Leighton, Clare.  Four Hedges, A Gardener’s Chronicle. London: Victor Gollancz, 1936. Later edition (pp. 167). Quarto (26.5 cm) in green publisher’s cloth, gilt titles to spine. Illustrated with 80 fine wood engravings by Leighton (including full-page plates, cuts in text, chapter heads, tail-pieces).  Leighton’s engravings picture the garden through the year, from April, upon the Leightons’ return from abroad, right through the Winter into the following March. Ffep neatly replaced, a few small spots on the covers, short tear top of spine mended. Otherwise clean, bright, and sound.  


Thoyts, E. E.  How to Decipher and Study Old Documents, Being a Guide to the Reading of Ancient Manuscripts.  London: Elliot Stock, 1893.  First edition, with an Introduction by C. Trice Martin, Assistant Keeper of H.M. Records (xii, 143 pp., 11 b&w illustrations). In pictorial olive cloth with gilt lettering. Corners, top and bottom spine bumped, minor spotting and rubs; a few foxed pages.  Features helpful, and interesting, discussion on how to read early handwriting in, for example, monastic documents, legal instruments; lists and describes useful books on paleography (e.g., How to Write the History of a Parish, Upon Parish Registers).  A hard to find book, especially in this first edition. 

 


A True Walter Scott Rarity


In 1809 or so Sir Walter Scott's friend John Ballantyne asked Scott for some help with a publishing project. Would Scott help select a suitable collection of poems from among those written by the best English authors? Not only did Scott, as an anonymous editor, sort through the poetic canon, but he also contributed several previously unpublished works of his own to the anthology entitled English Minstrelsy. Being a Selection of Fugitive Poetry from the Best English Authors (Edinburgh and London, 1810). Apparently but one copy of the book has been offered at auction in the past hundred years. If not a rarity, it's at least a scarcity. See our Book No. 1836.




 Obscure, Overlooked, Neglected


We have just listed several obscure literary titles published from 1806 to 1832, in the middle of the British romantic period. They are of the sort discovered in the Corvey Collection, a library begun in the nineteenth century by Victor and Elise Amadeus, which includes many thousands of works of British and European Romanticism most of which have been overlooked by scholars of the period. (See www.schloss-corvey.de for more information about the Corvey Library in Westphalia, Germany.) As one university library publication says in part, "The Corvey Collection provides a vast archive of materials that document [sic] the nature and scope of literary publications... and that collect [sic] in one place uncommon, scarce, and even unique materials for the... systematic comparative study that will enable students and scholars to continue to interrogate important questions of canonicity, peridoicity, and aesthetics that have emerged in recent years..." (University of Nebraska Library).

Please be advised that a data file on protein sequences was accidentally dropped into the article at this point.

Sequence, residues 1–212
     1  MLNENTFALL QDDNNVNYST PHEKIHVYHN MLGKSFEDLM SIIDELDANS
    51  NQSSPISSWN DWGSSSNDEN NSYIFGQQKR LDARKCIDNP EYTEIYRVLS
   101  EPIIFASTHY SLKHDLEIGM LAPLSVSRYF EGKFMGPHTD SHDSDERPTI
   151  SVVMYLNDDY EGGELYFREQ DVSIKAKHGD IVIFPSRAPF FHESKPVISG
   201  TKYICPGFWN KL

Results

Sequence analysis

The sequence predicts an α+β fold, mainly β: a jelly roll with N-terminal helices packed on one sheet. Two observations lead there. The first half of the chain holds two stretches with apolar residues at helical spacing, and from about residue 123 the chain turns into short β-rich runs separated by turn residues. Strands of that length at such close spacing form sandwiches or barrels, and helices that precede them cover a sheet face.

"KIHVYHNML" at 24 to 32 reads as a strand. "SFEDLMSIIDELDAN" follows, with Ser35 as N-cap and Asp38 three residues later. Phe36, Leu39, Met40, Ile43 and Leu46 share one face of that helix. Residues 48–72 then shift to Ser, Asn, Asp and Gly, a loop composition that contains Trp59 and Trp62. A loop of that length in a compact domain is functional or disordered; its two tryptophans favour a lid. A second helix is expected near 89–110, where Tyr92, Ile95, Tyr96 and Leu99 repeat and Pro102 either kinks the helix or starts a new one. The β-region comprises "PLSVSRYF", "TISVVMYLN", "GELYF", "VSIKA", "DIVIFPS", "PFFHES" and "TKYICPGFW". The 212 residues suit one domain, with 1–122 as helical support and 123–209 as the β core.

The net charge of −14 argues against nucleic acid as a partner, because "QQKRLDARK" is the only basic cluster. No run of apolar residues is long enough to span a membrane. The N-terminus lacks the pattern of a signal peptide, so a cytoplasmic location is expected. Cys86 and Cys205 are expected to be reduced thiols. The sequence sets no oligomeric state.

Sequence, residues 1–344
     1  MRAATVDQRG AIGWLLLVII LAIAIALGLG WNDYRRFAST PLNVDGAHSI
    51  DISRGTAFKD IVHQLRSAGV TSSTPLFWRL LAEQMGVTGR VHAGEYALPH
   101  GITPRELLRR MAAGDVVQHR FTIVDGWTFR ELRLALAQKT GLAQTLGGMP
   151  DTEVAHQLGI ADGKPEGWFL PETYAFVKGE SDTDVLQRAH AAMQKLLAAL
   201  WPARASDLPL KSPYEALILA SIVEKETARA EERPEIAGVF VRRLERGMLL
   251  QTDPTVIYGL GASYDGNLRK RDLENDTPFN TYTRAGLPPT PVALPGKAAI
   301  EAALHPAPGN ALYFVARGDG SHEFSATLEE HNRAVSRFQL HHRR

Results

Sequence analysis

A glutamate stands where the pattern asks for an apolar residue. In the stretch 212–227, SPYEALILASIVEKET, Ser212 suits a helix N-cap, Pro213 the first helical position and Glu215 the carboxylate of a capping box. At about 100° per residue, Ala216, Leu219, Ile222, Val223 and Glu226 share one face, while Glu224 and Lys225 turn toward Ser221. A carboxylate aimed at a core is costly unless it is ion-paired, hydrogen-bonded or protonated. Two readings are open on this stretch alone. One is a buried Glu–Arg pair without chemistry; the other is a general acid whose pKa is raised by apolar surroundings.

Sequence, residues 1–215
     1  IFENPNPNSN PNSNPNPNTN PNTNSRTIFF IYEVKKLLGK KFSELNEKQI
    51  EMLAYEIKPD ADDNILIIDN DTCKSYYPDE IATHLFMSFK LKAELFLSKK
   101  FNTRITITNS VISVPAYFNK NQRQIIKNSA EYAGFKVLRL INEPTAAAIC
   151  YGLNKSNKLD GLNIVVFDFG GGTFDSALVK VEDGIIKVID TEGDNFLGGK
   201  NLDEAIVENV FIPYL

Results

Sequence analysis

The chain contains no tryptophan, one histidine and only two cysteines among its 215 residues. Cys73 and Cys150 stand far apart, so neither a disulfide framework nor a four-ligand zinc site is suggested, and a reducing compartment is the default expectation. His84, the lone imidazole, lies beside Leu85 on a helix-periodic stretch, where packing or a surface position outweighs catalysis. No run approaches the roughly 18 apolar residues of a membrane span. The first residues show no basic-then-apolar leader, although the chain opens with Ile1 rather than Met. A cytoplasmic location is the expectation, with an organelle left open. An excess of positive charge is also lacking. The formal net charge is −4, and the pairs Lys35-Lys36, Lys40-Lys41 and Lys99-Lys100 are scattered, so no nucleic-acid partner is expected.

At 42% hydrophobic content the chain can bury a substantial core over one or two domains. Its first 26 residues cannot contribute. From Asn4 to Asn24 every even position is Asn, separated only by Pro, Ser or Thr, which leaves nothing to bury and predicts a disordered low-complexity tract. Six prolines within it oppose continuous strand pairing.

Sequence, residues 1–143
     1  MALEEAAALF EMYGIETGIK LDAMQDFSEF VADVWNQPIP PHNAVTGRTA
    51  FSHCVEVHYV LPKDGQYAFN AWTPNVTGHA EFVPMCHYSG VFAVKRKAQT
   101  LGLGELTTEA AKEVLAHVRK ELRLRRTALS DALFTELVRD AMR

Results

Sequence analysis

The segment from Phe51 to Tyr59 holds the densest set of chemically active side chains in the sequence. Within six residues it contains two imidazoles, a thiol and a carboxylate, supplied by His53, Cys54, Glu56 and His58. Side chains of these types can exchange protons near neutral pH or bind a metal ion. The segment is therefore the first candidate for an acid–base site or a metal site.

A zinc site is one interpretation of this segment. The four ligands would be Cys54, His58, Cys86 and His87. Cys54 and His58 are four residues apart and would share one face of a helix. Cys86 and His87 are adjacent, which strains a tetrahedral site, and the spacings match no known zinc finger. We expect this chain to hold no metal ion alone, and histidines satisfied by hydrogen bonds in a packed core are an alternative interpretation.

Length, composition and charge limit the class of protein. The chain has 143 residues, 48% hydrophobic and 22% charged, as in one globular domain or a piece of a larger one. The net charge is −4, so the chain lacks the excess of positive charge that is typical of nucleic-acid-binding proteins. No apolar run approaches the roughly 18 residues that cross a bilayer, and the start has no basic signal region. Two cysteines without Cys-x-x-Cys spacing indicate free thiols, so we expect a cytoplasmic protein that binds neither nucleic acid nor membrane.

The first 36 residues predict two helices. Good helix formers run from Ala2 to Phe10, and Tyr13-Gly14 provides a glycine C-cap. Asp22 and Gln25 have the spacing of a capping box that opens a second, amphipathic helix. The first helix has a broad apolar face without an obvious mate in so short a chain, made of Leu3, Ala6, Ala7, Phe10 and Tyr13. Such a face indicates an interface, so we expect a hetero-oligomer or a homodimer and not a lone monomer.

Many of the titles we have just listed are indeed uncommon or scarce and one or two even unique, but I can say, having sampled several (e.g., Don Juan; or, the Battle of Tolosa and The Lake of Geneva, a Poem, Moral and Descriptive), that while they may have been overlooked, they have not been unduly neglected. You depart their tedious precincts with a greater appreciation of Keats, Wordsworth, Byron, and the Shelleys. Perhaps there are hidden gems in the Westphalian archive (I hope there are), but mostly I think investigators will come away simply with a clearer sense of what most ordinary writers of the period were going on about. See Recent Acquisitions for the complete list of newly listed titles worthy of the Corvey Collection.



Our New Mark Twain Catalogue


Bernard DeVoto, along with numerous other literary commentators, believed Mark Twain was the first quintessentially American writer. His western themes, his stories, and his language marked him as unbeholden to classical models unlike, say, Emerson and his New Englanders. Wherever Sam Clemens fits among some other American writers like Melville, Whitman, and James Whitcomb Riley, he is always an engaging original, one who seemingly worked without a net and whose lapses were all the more dramatic, as witness the lame conclusion to the masterpiece Huckleberry Finn.  So we are always on the look out for a copy of an unusual edition from the Twain oeuvres (as they say).  Here are several works which we have come across in the past little while and are pleased now to offer for sale.


 

We discovered a first edition (second state) of Twain's first published book The Celebrated Jumping Frog of Calaveras County and Other Stories in distressed condition, but now after some skilful book work, perfectly presentable.  You will find as well a first edition Life on the Mississippi together with the Western Pilot, the steamboat pilot's guide to navigating the Ohio and Mississippi rivers of the sort Sam Clemens kept handy at the wheel (Our copy looks as if it was consulted from time to time). Then you'll find a nearly unique copy of the Autobiography, still waiting to be bound, and two of Twain's burlesques, Innocents Abroad and A Yankee in King Arthur's Court, neither of which is as innocent as it seems.


You will find the connection to our Mark Twain catalogue just over there in the navigation column to your left. We would be pleased if you had a look.


***


Here are pictures of some friends...

 



Mark Jokinen, Mark Jokinen Books, Peterborough, Ontario (www.jokinenbookstore.com)



 


Paul Dyment, Scholars' Bookstore, Peterborough, Ontario  (www.scholarsbookstore.com)


 John W. Burbidge, Bookbinding and Book Repair, Peterborough, Ontario  (www.johnburbidge.ca)